i. Public Notice. Each State will give reasonable notice to the public that it has received the funds and will generally describe the types of restitutionary programs on which the State may expend the funds. Each State will conduct informal hearings at which the public may present its views concerning such expenditures. Any State which has held hearings with regard to the uses of oil overcharge refunds during the two-year period preceding the date of the Approval Order will not be required to hold additional hearings. Legislative hearings in accordance with applicable State procedures shall be sufficient to comply with the requirements of this subsection.
ii. Restitutionary Program. Monies received by any State shall be utilized to fund one or more existing or new energy-related programs which are designed to benefit, directly or indirectly, consumers of petroleum products within the State. State governments are familiar with the particular energy needs of their citizens.... (Emphasis added.)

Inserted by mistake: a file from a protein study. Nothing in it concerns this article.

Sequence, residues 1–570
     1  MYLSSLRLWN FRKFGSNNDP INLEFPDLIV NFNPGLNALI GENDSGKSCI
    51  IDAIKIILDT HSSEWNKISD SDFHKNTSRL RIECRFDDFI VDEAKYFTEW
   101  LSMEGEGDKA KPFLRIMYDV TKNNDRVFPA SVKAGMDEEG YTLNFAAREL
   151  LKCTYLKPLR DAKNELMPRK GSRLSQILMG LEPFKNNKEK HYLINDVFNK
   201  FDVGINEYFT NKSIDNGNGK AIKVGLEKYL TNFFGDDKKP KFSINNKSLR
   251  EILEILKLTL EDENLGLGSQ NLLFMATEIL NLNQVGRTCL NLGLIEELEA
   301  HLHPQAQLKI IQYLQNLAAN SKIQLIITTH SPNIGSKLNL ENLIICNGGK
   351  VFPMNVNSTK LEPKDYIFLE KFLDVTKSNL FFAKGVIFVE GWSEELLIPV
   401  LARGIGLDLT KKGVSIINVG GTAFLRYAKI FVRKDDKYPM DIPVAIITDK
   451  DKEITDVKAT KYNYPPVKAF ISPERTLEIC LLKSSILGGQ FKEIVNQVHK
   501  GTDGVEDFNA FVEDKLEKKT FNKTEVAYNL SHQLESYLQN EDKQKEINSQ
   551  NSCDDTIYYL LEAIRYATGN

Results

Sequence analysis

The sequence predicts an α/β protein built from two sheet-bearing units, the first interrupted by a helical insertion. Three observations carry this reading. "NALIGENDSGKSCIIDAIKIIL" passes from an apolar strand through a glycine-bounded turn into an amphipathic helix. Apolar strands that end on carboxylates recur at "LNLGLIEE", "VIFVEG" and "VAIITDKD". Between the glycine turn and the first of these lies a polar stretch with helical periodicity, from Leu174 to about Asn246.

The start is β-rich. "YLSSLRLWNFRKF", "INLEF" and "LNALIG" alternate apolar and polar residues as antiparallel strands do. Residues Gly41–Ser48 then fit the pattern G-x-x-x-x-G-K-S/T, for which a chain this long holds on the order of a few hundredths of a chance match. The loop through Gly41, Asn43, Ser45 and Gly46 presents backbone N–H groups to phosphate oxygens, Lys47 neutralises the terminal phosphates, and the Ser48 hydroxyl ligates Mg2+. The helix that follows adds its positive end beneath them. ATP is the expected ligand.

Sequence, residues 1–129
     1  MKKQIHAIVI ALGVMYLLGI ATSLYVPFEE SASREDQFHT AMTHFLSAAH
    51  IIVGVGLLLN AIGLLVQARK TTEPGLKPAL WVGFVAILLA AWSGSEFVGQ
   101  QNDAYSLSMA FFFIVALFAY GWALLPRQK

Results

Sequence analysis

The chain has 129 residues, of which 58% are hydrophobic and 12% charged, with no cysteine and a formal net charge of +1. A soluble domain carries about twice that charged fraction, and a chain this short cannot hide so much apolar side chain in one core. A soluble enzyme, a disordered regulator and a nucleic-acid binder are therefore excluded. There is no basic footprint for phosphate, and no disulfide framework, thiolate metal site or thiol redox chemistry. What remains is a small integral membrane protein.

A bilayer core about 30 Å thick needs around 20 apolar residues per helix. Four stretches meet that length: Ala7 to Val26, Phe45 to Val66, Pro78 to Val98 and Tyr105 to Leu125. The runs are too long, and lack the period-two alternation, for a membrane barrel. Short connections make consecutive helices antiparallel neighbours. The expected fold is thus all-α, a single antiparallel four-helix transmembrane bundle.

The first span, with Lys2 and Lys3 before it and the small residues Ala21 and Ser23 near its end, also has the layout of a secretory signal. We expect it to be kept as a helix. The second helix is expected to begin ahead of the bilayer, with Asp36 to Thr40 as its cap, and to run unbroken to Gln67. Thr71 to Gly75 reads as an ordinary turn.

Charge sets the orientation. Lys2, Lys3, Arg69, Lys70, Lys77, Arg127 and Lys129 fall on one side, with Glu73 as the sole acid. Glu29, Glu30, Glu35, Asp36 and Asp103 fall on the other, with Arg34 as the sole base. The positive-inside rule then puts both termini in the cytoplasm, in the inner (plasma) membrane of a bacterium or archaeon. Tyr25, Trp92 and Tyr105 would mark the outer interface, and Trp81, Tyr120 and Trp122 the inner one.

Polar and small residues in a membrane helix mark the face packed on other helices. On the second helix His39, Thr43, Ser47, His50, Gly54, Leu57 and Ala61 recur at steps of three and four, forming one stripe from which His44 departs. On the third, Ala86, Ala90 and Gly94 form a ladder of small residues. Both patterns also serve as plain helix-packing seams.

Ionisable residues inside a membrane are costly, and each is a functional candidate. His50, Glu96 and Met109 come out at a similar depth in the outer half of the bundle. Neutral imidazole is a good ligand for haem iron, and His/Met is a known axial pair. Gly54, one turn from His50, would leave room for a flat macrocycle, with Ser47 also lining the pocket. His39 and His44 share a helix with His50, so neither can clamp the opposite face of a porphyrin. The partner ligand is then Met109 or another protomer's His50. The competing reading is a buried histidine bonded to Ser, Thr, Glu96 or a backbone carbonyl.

In re: The Department of Energy Stripper Well Exemption Litigation, M.D.L. No. 378, Final Settlement Agreement at 8 (D.Kan.1983). Under that settlement "the state" is to receive the money. The settlement states that before a state receives funds the governor must sign letters of assurance, to be provided by the state's attorney general, that the money will be spent for approved programs. Otherwise, the governor is not mentioned. There is no basis in the language of the settlement for arguing that the settlement was intended to give the governor any role in determining how the funds should be allocated, much less a role that would be beyond his constitutional powers. It is the role of the legislature to comply with the requirements of the settlement in the allocation of the money, and to appropriate the money in accordance with that allocation.
The legislature, not the governor, has authority to allocate and appropriate oil overcharge funds distributed as a result of two lawsuits. Section 155 of Public Law No. 97-377, 96 Stat. 1830 (1982), was not intended to increase the role of the governor in allocating and appropriating funds received under that section.
Very truly yours,
Attorney General of Texas
Executive Assistant Attorney General
Judge Zollie Steakley
Special Assistant Attorney General
Assistant Attorney General